News & Thinking
COVID-19: What do essential services need to do to manage health and safety?
The pandemic caused by the COVID-19 virus has seen New Zealand – and the world – plunged into uncharted territory. On 26 March 2020, the Government took the unprecedented step of raising New Zealand’s COVID-19 alert to level four, resulting in a mandatory lockdown for all Government agencies, private businesses, not-for-profit organisations, community and sporting groups, and individuals. The only exception is for organisations and people involved in delivering essential services.
Unsurprisingly, the rapidly changing situation has left many of these essential services with concerns about what they need to do to properly manage the health and safety of their people (and those they come into contact with) during the lockdown and beyond.
My organisation is an essential service – what do I need to do?
When it comes to managing health and safety, the simple answer is it’s business as usual for most risks. WorkSafe New Zealand (WorkSafe) has been very clear that the pandemic is not an excuse for businesses to drop their standards or become blasé about risk.
The outbreak of COVID-19 has, of course, created new risks that organisations need to manage. The changing ways we are now expected to work and issues such as supply chain shortages of personal protective equipment (PPE) caused by the pandemic are themselves creating new risks too.
The Health and Safety at Work Act 2015 (HSWA) has always required organisations to identify risks to health as well as safety, and to act to eliminate or otherwise minimise these risks so far as is reasonably practicable. Nothing has changed for essential services, and expectations in relation to the risks associated with COVID-19 are no different.
So what are some practical things you can do?
- Keep up to date and informed – make sure your organisation is following the latest Ministry of Health advice about preventing the spread of COVID-19 and steps for ensuring good hygiene practices in the workplace. The website www.covid19.govt.nz is a useful starting point, but if necessary you should search more widely for information that might assist your specific sector or type of activity. Past cases have made it clear that when there is no appropriate guidance material in New Zealand organisations are expected to look overseas for assistance and recommendations.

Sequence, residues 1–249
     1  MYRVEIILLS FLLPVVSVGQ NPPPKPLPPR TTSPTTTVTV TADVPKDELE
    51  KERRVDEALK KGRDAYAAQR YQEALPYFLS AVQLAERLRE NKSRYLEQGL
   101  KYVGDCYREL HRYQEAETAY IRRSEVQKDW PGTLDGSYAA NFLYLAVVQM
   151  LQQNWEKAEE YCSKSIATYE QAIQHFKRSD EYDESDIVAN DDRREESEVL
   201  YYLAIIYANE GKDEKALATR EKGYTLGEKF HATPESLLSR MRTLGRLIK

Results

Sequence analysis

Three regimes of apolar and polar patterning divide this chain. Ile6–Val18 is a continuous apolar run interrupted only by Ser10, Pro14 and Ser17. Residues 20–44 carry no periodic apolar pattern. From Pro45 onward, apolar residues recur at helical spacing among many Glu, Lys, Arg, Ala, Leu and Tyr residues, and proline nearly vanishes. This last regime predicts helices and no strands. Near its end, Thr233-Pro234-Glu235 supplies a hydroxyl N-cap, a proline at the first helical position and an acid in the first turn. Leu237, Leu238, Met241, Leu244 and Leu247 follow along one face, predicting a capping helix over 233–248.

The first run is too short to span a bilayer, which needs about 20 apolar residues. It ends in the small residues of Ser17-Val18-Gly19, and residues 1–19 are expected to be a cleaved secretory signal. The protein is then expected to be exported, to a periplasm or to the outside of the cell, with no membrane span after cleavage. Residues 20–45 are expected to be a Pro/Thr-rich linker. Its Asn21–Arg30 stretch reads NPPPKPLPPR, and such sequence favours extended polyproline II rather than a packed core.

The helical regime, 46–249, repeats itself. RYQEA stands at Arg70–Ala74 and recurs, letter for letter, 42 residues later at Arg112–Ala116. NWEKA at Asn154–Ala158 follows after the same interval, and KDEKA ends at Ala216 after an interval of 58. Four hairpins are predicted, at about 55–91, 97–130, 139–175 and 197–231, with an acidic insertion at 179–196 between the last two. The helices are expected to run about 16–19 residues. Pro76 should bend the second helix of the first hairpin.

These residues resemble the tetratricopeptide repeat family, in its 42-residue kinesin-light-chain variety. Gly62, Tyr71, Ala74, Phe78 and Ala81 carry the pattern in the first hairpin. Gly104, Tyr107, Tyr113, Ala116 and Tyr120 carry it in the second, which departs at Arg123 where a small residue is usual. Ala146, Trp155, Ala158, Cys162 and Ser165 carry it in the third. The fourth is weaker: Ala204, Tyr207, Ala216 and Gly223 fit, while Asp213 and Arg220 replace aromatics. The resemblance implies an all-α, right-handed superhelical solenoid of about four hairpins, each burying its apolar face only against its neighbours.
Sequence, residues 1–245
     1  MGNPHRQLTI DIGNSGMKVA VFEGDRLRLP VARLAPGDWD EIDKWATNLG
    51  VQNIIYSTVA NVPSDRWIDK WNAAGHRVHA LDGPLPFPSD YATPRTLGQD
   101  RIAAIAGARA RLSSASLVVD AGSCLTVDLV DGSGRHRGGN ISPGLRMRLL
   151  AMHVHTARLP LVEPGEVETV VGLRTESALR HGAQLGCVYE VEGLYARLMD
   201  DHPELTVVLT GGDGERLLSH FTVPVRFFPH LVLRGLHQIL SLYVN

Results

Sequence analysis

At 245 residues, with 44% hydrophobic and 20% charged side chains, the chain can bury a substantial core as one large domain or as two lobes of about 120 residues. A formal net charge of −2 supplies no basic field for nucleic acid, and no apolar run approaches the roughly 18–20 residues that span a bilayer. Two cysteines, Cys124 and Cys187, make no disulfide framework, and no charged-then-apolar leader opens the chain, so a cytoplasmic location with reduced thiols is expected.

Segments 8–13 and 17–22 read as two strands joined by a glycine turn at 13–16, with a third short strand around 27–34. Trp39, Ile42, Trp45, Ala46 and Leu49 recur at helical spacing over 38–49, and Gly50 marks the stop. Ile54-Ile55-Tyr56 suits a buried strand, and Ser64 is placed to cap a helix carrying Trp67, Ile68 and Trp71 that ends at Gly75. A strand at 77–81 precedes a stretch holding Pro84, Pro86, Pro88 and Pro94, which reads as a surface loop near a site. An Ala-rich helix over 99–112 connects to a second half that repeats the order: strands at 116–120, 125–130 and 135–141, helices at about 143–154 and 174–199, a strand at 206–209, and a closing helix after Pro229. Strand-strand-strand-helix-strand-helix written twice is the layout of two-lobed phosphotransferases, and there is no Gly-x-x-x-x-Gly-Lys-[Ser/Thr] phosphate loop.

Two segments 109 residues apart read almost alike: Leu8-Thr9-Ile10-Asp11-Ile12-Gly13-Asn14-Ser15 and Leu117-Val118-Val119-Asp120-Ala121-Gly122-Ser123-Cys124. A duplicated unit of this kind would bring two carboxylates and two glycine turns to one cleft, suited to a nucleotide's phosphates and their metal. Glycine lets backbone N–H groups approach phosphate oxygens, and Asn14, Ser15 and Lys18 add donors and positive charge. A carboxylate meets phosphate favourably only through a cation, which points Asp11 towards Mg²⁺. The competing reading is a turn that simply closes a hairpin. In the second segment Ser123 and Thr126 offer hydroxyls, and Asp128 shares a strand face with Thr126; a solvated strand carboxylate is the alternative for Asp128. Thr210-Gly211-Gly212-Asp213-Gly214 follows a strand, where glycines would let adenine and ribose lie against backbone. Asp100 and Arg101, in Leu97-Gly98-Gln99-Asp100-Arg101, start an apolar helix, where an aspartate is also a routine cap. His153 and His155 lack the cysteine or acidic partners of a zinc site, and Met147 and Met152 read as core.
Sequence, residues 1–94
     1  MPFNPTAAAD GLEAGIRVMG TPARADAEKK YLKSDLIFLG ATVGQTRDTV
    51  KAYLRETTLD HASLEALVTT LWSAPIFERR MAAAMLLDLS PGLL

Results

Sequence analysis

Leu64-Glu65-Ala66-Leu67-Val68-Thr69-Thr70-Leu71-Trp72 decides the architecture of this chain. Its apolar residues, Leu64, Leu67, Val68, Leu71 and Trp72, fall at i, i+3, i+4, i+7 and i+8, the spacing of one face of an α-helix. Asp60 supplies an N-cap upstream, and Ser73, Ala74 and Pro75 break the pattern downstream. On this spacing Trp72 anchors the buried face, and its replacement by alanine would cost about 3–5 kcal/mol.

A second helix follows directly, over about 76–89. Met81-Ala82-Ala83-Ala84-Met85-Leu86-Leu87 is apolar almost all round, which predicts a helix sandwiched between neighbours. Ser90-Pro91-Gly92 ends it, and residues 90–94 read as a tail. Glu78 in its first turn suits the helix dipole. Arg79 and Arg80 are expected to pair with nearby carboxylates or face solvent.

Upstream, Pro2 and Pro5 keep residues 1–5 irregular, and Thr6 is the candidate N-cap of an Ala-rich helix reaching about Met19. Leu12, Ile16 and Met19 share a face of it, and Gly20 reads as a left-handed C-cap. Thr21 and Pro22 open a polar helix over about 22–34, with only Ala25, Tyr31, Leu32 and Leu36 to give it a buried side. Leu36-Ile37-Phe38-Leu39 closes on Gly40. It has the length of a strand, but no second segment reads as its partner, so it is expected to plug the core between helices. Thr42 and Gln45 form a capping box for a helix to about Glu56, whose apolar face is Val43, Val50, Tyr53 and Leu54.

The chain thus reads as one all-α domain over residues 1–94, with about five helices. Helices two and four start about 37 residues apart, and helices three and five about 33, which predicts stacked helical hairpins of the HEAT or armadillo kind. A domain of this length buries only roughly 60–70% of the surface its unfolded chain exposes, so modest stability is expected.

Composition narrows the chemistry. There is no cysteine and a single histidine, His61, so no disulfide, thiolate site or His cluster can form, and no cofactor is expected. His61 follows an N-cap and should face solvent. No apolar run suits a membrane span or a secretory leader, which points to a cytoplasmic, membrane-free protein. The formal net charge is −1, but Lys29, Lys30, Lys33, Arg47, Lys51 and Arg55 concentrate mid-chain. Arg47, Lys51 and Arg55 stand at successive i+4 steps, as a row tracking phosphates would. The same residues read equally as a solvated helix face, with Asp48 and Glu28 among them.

- Stop, think, assess, and manage – consider the other health and safety risks brought about by the COVID-19 outbreak (e.g. mental health impacts like stress and fatigue) and put in place means to manage them.
- Make your people the priority – the primary focus of every organisation should be the safety and health of its people and of others impacted by its work. It is accordingly important to regularly engage with your people and ensure any support they need is available. This can be more than a legal issue, as poor planning can lead to reputational damage – the delays in getting masks, testing equipment and other items to front line health workers being a good example of current health driven criticism affecting more than just the the public sector.
- Consult, cooperate, and coordinate – if you are an essential service, you need to engage with other essential services you work with and explore options to work together when managing the risks posed by COVID-19. For example, it may be useful to work with others to overcome PPE shortages or minimise other logistics or distribution issues.